Rum Journal: A Conversation with Atlantico Rum’s Aleco Azqueta
The story of Ron Atlantico begins in the Dominican Republic. But even before that, it began at Georgetown University. It was there that co-founders Aleco Azqueta and Brandon Lieb were classmates, and soon after colleagues at Bacardi. Azqueta then went on to run Grey Goose and Dewar’s.
“About four years ago, we really felt that, within the spirits industry, rum was kind of the next wave,” Azqueta tells Rum Journal. “We think it’s very similar to where Tequila was maybe 20 years ago. People didn’t appreciate the nuances of Tequila, or that it could be consumed as a high-end brand. At the time, it was just Cuervo and Sauza.”
With this ambition for rum, the two set out for the Dominican Republic. There, they found a master blender that had been aging rums for 20 years in a solera system. The two worked with him to make a new blend.
As rum evaporates during the aging process, it has to be replaced. That’s done through the solera system, which was invented by the Spanish and first used in sherry production.
There are two general types of rum: traditional rum, made from molasses, and rhum agricole, more popular in the French-speaking Caribbean and distilled from cane juice.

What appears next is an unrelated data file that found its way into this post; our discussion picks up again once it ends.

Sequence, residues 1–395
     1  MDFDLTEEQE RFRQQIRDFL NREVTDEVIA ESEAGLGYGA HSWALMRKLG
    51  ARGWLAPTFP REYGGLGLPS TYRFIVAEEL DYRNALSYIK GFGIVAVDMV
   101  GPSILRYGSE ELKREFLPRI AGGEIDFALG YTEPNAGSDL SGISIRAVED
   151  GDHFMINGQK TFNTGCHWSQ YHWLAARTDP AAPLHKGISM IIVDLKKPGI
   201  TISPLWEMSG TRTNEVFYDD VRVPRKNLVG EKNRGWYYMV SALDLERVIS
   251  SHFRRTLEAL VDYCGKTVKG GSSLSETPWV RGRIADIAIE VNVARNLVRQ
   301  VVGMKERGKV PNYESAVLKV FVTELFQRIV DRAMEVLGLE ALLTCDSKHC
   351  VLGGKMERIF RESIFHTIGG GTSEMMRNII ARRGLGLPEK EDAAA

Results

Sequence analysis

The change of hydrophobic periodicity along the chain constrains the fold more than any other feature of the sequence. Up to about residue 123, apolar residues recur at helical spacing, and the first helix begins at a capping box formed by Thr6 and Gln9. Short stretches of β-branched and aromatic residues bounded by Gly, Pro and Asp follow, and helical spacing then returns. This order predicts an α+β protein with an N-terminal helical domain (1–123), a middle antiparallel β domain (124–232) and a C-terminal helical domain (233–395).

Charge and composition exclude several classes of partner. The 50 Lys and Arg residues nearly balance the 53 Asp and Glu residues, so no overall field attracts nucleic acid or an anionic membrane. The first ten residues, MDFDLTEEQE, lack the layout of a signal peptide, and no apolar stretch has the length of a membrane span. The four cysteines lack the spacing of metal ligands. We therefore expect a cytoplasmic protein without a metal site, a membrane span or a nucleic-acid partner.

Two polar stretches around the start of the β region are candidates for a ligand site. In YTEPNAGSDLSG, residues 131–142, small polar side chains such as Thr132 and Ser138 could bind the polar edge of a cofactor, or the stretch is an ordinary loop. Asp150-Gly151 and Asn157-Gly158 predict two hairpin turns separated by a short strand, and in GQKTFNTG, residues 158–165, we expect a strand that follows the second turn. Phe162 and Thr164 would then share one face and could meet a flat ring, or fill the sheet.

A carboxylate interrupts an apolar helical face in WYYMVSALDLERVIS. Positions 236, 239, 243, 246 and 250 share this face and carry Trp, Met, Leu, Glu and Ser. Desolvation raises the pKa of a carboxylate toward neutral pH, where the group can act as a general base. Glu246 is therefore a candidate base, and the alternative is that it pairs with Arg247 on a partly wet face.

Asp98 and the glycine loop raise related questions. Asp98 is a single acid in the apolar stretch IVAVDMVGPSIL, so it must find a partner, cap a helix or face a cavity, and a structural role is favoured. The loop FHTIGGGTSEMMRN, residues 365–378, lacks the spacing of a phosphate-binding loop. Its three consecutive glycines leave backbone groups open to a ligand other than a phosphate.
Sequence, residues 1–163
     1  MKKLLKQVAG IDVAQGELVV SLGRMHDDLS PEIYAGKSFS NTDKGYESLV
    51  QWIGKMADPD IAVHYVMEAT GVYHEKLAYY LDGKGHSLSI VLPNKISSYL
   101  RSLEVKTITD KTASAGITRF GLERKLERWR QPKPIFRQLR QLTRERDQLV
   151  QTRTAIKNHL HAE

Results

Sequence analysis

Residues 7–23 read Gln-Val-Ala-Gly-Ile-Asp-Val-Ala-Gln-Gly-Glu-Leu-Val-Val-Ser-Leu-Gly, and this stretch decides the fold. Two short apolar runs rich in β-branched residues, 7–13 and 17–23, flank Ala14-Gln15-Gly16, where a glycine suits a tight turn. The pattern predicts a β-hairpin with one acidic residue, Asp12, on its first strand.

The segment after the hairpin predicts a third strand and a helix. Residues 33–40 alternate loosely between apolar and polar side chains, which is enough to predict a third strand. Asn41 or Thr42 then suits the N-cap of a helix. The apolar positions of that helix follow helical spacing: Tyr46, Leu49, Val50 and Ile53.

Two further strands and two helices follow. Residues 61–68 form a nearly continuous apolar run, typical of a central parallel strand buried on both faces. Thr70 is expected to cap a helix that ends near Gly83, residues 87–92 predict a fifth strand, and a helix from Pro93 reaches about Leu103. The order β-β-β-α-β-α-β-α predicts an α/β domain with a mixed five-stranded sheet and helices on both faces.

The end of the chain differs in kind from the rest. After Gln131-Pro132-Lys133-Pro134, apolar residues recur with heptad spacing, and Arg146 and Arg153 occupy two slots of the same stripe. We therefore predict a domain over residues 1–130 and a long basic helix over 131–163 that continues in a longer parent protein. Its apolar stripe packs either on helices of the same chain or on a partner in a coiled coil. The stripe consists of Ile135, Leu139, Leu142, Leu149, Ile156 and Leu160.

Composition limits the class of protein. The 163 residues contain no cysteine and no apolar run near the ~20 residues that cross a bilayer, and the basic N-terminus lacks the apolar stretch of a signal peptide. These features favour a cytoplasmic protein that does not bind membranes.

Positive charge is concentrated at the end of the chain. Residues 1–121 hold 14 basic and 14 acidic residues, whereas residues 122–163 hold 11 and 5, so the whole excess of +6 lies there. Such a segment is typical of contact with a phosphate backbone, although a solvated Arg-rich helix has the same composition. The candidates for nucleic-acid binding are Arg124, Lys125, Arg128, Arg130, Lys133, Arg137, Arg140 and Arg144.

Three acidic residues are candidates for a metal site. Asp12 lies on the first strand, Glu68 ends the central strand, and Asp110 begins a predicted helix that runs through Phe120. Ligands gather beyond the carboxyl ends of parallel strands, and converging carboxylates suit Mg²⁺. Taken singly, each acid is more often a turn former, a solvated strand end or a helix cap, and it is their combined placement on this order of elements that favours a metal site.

“With Atlantico,” Azqueta says, “we use both.”
The distillation process is not the only unique character to Atlantico, however. In addition to the solera aging process, Atlantico is aged in distinct bourbon barrels.
“Bourbon barrels can only be used once by law, and that goes back to the 1800s from the lumber barons [in the United States],” Azqueta says. “But these barrels have so much more flavor. So the barrels are broken down, sent to different countries. Most of these barrels are heavily charred to take away all the bourbon notes, but we use light charring. We like to maintain vanilla bourbon notes.”
Atlantico, which recently attracted singer Enrique Iglesias to sign as one of the company’s partners, has now released two new blends as well: a white “Platino,” and a drier Reserva edition.
It has launched in 10 countries, and aims to be a national brand in the United States this year, according to Azqueta.
“As more people start traveling to the Caribbean, and as this country becomes more and more multicultural, people appreciate more the hand-craftsmanship that goes into rum,” he says. “What’s really going on is a renaissance in the whole spirits industry. People are looking for things that are more hand-crafted, like what happened in the beer industry.”
Those lightly-charred bourbon casks do make their mark on Atlantico, which has a clear amber color. It’s the blend of rum and rhum agricole that makes for a balanced flavor – with a vanilla and caramel-accented sweetness, reined in by the flavor of cane juice.
Atlantico is relatively new on the block, but, right now, it’s one of the world’s best rums.